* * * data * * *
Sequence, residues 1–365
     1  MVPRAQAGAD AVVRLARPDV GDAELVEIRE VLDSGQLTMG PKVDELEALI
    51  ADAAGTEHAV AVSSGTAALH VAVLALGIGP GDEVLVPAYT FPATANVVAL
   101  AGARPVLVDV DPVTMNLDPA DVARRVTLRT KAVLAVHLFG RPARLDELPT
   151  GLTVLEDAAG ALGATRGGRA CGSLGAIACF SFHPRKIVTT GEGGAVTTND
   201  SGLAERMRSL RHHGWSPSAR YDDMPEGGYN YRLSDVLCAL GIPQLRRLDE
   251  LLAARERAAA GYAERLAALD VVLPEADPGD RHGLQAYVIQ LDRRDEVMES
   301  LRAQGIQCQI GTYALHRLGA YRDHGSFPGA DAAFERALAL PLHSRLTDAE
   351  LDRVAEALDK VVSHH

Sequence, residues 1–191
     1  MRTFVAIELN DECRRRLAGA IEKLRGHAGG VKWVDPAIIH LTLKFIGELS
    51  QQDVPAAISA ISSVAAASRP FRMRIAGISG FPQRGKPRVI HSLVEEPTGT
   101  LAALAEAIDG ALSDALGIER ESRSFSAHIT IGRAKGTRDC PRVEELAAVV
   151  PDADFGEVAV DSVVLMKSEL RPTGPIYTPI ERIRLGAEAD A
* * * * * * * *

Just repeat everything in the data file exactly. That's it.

Sequence, residues 1–365
     1  MVPRAQAGAD AVVRLARPDV GDAELVEIRE VLDSGQLTMG PKVDELEALI
    51  ADAAGTEHAV AVSSGTAALH VAVLALGIGP GDEVLVPAYT FPATANVVAL
   101  AGARPVLVDV DPVTMNLDPA DVARRVTLRT KAVLAVHLFG RPARLDELPT
   151  GLTVLEDAAG ALGATRGGRA CGSLGAIACF SFHPRKIVTT GEGGAVTTND
   201  SGLAERMRSL RHHGWSPSAR YDDMPEGGYN YRLSDVLCAL GIPQLRRLDE
   251  LLAARERAAA GYAERLAALD VVLPEADPGD RHGLQAYVIQ LDRRDEVMES
   301  LRAQGIQCQI GTYALHRLGA YRDHGSFPGA DAAFERALAL PLHSRLTDAE
   351  LDRVAEALDK VVSHH

Sequence, residues 1–191
     1  MRTFVAIELN DECRRRLAGA IEKLRGHAGG VKWVDPAIIH LTLKFIGELS
    51  QQDVPAAISA ISSVAAASRP FRMRIAGISG FPQRGKPRVI HSLVEEPTGT
   101  LAALAEAIDG ALSDALGIER ESRSFSAHIT IGRAKGTRDC PRVEELAAVV
   151  PDADFGEVAV DSVVLMKSEL RPTGPIYTPI ERIRLGAEAD A